Falchuk’s three percent solution
Independent gov. candidate seeks official status for party
| Evan Falchuk (center), independent candidate for governor, flanked, left to right, by Jeff McCormick, Martha Coakley and Charlie Baker at the
Hispanic Heritage Breakfast, Boston.
Evan Falchuk got off to a good start at the El Mundo Hispanic Heritage Breakfast, an annual roast and awards ceremony in Boston.
“¡Hablo español!” the bilingual independent candidate told the audience to laughter and applause. Then the independent candidate for governor quickly switched to English, “because not everybody will understand,” getting in a dig at his non-Spanish speaking opponents on the dais, Republican Charlie Baker, Democrat Martha Coakley, and fellow independent, Jeff McCormick.
There is no obvious path to victory in November for the former health care executive. But he could be a spoiler for either Baker or Coakley on the way to another, more achievable goal, getting 3 percent of the vote.
The multi-millionaire, a former health care executive, can pour his personal wealth (he earned $3 million in 2012) into his campaign. But money isn’t everything for self-funded candidates. The Bay State’s Democrat and Republican machines can harness volunteers, local, state, and national political committees, and, at least in the case of Democrats, recruit political rock stars such as Michelle Obama to parachute in to campaign and fundraise — tools independents just don’t have.
Falchuk sees himself as a straight-talking “disrupter” who counters Democratic and Republican candidates who rely on canned talking points as “strategies to win,” instead of offering voters concrete solutions to problems in sectors like health care and transportation.
“In the debate, we just had in Springfield, you [got] to see me talking in very specific ways,” Falchuk told Commonwealth. “People may disagree with what I have to say, but at least I am going to tell you what I think.”
Indeed, Falchuk’s performance at the recent Western Massachusetts Media Consortium debate, showed his fluency in the issues facing the region. He was able to outline the economic differences between the Berkshires and the Pioneer Valley and understood the importance of projects like the Springfield–New Haven commuter rail line.
His quip about tolling the New Hampshire border got the only reaction from the otherwise well-behaved audience. “All of our governors [have all tried to] run for president,” Falchuk said, as some people tried to stifle giggles. “They are looking at New Hampshire and saying ‘I don’t want to tax those guys,’ [but] I do.”
“Independent Evan Falchuk was witty, engaging and specific and insightful in his answers,” The Berkshire Eagle opined. “He stood out.”
Falchuk also exceeded expectations during the Providers’ Council debate last month in Boston. David S. Bernstein of Boston magazine declared on “The Scrum,” a weekly WGBH podcast that Falchuk “stole the show.”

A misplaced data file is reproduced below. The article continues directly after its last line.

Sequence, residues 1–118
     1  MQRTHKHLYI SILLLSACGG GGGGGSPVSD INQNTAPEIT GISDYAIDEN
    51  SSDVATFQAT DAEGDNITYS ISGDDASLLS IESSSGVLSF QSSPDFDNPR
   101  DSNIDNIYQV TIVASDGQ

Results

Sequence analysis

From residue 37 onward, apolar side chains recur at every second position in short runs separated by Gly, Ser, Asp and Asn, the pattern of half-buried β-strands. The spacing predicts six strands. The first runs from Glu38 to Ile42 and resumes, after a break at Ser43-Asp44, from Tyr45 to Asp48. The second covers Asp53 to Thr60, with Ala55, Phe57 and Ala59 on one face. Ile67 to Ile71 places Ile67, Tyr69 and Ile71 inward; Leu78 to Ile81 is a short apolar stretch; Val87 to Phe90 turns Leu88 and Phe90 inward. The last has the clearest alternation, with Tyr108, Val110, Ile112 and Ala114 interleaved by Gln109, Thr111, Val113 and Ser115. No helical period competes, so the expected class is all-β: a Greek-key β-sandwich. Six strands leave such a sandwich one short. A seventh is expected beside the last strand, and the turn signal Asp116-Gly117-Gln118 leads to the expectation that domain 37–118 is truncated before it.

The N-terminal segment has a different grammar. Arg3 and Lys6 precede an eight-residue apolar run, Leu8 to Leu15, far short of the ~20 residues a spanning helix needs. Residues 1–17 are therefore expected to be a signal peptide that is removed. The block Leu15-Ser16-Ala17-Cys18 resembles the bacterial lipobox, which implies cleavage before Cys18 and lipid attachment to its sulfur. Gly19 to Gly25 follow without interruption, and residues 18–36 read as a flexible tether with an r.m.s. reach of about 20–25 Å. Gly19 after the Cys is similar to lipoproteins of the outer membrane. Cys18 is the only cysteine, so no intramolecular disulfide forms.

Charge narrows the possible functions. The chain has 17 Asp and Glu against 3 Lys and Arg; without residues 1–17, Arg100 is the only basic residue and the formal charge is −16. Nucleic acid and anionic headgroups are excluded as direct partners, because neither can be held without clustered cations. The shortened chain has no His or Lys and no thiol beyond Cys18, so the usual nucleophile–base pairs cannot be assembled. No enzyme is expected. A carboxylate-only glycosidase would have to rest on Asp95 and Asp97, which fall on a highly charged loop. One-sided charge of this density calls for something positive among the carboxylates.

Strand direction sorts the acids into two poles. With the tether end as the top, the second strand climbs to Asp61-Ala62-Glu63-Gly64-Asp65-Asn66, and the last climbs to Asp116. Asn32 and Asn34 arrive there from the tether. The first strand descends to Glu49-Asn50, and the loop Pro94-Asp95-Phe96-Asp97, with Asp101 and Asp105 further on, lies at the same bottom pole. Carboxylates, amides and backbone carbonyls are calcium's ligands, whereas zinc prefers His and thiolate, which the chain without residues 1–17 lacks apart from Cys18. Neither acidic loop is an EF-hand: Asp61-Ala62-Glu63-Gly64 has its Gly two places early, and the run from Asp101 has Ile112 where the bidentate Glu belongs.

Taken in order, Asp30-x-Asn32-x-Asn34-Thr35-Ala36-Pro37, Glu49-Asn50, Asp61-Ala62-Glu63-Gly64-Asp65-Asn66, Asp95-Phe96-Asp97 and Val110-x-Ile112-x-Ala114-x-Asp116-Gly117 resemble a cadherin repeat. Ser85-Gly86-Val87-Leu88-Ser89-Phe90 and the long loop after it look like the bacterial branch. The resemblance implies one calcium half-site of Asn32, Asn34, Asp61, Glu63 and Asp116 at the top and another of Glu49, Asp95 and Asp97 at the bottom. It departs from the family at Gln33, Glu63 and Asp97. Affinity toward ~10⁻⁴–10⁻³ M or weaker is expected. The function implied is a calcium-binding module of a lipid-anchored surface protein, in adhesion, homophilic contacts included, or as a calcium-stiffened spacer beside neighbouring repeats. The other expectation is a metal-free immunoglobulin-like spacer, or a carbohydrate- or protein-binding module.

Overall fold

“These debates make a big difference,” Falchuk told Commonwealth. “There are still so many voters who are not paying attention to the race.”
Three percent of the vote isn’t much, but Falchuk isn’t there. WBUR’s September 24-27 tracking poll, shows Falchuk pulling in 1 percent of voters. (The MassINC Polling Group conducted the WBUR poll. MassINC is the publisher of CommonWealth magazine.). Other polls have shown him at 2 percent.
Although the political cognoscenti pour over every crosstab, average voters are just beginning to pay attention. In western Massachusetts, Martha Coakley, a daughter of North Adams, has a slight “hometown” advantage. But there is a north-south fault line in the Berkshires. Coakley must guard against Falchuk in southern part of Berkshire County, particularly in liberal towns like Great Barrington, where a “pragmatic progressive,” as Falchuk describes himself, combined with a general lack of enthusiasm for Coakley could peel away voters.
Both Coakley and Baker are likely to do better in Springfield where Falchuk’s casino stance is a problem for him. He opposes a repeal of the state’s casino law, but does not support special legislation for Springfield casino should voters strike the measure down.
Although Falchuk is making a play for Latino and African American voters (eight community leaders from Boston, Lynn and Worcester endorsed him Thursday), the downside for Falchuk is that his appeal may be limited to disaffected Democratic and unenrolled voters to the left of Coakley, who are willing to cast a protest vote.
Baker has to guard his right flank against defections to McCormick and the third independent, conservative preacher Scott Lively, but he may also have to guard against Falchuk, who could pull in some Baker voters, too. Five weeks of MassINC polls showed Baker voters have more favorable views of Falchuk than Coakley voters; any move to Falchuk could come at Baker’s expense.
Few see him as a threat right now. “There are people on my site who… vote Democratic and don’t like Martha Coakley,” David Kavitz at Blue Mass Group. “But I haven’t seen any indication that there is any movement toward Falchuk.”
Absent a breakaway moment for Baker or Coakley, the three independents together could draw away enough votes to thwart either the Republican or the Democrat. Right now, the three are polling between 5 and 6 percent in the most recent surveys.“Typically, when independents are a huge threat, it is at the margins,” said Peter Ubertaccio, a political science professor at Stonehill College in Easton. He noted that in 2012, Republican Richard Tisei lost the 6th Congressional District, a contest that featured an independent candidate, to Democrat John Tierney by 1 percentage point.
“If you look at a tight margin for either Coakley or Baker going into the last couple of weeks, they have a real potential to play an upset role,” said Ubertaccio.